Continuous business runs on continuous software

Being a continuous business is more than being available across multiple time zones.
18 March 2019 | 1717 Shares

A continuous businesses isn’t one that keep the lights on all day and night. Source: Shutterstock.

We live in a 24×7 world, 365 days a year. Okay, no surprise there, we know that the big cities never sleep and that the wheels of industry have now been greased to operate at every hour of the day around the planet.

But what that gives us, as a global collective set of businesspeople, is a new state of being.

This is the age and era of continuous business.

A definition of continuous business

A continuous business organization isn’t one that keeps the lights on all day and all night and works to any definition of ‘follow-the-sun’ support to cover the waking hours that circle the planet. Well, it is that, but it’s also more.

A continuous business organization is one that presents a software-centric backbone and interface to customers, partners, employees, and any other stakeholder through connected applications, through the web, through the cloud and through whatever other data membrane it chooses to build.

As firms start to become continuous business operations, they start to integrate their front office functions (from sales to support to admin and everything in between) much more closely (and, if they do it right, natively) with their back-office functions (such as database repository and core software application stack) to create a new and altogether more intelligent operation.

No magic ‘ON’ button

Except it’s not that easy, you can’t just flick all the switches to ‘ON’ and declare yourself a continuous business.

Every level of the continuous business needs to be supported by continuous software application development excellence— and the measure of excellence will be defined by how well your core apps are not only developed, but also by how well they are supported by continuous testing, continuous integration, and continuous deployment technologies.

So we know that the journey to continuous business is hard work.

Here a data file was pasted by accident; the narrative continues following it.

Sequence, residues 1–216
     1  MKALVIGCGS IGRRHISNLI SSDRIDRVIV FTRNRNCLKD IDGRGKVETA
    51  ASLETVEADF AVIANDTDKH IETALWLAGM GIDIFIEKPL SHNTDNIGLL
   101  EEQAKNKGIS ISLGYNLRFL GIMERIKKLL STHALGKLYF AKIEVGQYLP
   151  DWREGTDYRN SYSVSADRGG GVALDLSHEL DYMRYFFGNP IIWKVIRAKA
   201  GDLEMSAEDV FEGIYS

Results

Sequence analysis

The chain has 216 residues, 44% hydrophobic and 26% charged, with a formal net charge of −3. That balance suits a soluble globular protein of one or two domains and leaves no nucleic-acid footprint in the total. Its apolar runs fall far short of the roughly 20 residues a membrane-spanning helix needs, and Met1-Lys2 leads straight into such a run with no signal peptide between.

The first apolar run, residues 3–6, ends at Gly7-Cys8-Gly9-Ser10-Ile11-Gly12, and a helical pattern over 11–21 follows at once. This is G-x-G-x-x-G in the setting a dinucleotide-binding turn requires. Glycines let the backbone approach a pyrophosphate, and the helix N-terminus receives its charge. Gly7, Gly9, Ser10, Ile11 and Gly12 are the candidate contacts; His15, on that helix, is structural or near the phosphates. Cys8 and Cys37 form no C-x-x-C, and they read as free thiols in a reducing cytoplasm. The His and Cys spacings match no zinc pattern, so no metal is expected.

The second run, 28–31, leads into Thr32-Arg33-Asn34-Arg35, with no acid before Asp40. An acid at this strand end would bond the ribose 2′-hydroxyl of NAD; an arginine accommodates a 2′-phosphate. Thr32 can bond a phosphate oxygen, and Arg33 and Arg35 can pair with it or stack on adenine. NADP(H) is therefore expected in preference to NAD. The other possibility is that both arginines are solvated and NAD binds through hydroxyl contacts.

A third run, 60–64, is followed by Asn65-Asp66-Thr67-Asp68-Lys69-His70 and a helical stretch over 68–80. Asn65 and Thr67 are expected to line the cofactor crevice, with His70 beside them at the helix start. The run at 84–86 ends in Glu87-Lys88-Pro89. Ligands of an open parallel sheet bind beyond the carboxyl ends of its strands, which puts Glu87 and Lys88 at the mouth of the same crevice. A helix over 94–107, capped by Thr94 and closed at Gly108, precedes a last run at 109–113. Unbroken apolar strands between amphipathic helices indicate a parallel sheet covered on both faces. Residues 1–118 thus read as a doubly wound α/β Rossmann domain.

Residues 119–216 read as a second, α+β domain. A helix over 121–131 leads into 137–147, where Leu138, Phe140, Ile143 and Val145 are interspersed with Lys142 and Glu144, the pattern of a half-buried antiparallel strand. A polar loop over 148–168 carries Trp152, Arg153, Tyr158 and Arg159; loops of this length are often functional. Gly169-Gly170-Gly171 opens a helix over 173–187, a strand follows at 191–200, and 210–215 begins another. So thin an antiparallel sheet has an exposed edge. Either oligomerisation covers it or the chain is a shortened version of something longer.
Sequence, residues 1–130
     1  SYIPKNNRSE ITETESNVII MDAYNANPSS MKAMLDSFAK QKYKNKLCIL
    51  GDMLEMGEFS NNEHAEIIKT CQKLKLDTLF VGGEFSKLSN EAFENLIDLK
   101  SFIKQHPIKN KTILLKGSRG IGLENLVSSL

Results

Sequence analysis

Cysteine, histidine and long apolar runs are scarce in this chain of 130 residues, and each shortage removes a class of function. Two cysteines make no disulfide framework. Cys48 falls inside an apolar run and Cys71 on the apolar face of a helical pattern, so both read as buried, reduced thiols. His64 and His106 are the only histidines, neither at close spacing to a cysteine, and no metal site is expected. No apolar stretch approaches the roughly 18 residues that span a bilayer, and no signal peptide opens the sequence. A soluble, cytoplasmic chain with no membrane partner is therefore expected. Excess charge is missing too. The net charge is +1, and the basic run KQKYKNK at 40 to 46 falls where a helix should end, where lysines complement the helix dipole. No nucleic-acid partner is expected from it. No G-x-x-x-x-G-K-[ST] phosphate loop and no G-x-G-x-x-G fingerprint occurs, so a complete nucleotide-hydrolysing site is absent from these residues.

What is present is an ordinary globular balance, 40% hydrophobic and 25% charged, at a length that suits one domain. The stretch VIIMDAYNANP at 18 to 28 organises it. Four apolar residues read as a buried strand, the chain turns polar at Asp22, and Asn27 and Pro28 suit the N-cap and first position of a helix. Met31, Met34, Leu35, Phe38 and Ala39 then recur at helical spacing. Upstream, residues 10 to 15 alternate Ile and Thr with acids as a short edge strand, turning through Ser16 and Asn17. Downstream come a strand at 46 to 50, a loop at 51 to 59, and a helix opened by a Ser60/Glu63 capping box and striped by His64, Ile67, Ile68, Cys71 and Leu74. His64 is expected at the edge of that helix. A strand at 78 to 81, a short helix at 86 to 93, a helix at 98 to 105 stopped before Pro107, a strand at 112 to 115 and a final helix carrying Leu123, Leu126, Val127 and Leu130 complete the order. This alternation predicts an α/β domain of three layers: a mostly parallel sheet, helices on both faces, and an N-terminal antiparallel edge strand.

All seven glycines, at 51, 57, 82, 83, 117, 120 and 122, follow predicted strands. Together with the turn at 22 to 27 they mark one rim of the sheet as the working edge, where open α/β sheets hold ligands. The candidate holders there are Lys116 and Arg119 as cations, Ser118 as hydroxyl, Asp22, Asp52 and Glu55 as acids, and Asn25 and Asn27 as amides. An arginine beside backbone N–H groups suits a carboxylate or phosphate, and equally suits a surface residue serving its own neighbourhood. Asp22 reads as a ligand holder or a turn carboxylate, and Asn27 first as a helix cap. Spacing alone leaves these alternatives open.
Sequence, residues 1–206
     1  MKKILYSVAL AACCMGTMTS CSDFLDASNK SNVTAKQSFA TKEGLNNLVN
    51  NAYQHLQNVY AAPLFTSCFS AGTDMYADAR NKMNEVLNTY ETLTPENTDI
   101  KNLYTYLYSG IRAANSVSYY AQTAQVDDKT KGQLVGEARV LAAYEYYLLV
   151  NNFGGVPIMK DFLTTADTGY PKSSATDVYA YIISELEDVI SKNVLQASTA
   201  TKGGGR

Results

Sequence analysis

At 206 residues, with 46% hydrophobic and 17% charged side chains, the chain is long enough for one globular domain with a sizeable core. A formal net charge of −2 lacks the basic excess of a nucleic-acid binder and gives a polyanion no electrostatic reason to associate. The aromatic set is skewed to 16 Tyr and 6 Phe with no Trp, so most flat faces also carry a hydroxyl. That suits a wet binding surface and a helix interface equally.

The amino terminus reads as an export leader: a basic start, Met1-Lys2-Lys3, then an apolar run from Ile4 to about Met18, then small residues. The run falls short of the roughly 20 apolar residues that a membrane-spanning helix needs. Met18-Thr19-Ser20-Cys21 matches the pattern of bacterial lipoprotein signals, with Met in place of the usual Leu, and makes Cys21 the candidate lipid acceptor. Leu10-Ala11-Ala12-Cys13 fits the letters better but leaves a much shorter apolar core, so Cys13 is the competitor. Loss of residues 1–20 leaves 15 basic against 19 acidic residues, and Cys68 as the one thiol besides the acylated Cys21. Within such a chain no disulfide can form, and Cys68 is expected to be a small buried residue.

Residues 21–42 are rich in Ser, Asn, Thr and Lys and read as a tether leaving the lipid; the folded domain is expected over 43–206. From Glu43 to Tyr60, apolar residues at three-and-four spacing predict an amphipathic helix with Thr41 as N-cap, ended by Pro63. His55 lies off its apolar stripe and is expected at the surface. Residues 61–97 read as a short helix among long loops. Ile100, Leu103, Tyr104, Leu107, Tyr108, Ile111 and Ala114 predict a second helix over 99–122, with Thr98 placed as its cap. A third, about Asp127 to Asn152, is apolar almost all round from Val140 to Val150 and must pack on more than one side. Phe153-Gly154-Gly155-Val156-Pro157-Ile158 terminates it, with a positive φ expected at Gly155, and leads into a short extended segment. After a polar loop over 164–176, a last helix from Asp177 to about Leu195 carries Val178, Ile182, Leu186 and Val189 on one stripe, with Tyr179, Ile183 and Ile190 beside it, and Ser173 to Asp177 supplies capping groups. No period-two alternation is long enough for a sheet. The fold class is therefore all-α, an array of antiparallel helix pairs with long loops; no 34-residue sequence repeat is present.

It is made potentially harder by the fact that the business world has embraced new degrees of both team and individual autonomy in recent years. When we start to create silos of data, then we immediately start to talk about disparate disconnected pools of information that hamper an organization’s ability to operate at full intelligence.

Orchestration & automation

The answer, for many applications and data sources, will lie in orchestration & automation platforms.

Orchestration platforms and tools allow companies to audit, assess and then more intelligently manage the set of IT resources that they wish to operate. In these environments, continuous integration doesn’t happen without continuous testing… because that’s how operations have been orchestrated from the start.

Automation platform technologies work alongside (sometimes inside of, sometimes on top of) orchestration platforms and tools to provide functions such as model-based testing.

All the dependencies and constraints that any single piece of software in your business needs can be mapped out in the orchestration too, and then the datasets that provide the lifeblood for those pieces of software can be sent to the right place at the right time using automation.

Get smart-er

Once an organization starts to bring on these layers of intelligence into its operations, it has the chance to build what industry analysts love to call a ‘smarter data fabric’. This fabric is a woven yarn that is interconnected enough for the system itself to start learning what types of data or access to Application Programming Interfaces (APIs) different apps will need in any given user behavior scenario.

The smart data fabric is then capable of feedback to our model-driven operations and a virtuous circle is formed where one aspect of the technology stack starts to more intuitively inform other ‘territories’ as to its health and wealth.

All this orchestration, automation, and general interconnectedness is important… because the reason we looked into these cogs and gears was to see whether or not our business model could withstand an always-on approach to continuous business.

We know that digitization is not confined to any single part of the business; the ‘platform play’ (as opposed to ‘just apps’ and buying some software) is a fundamental strategic choice for organizations now attempting to bring new cloud-based systems online. The continuous factor is a major part of this platform play because it’s now an always-on world.

Occasional business is dead, long live continuous business.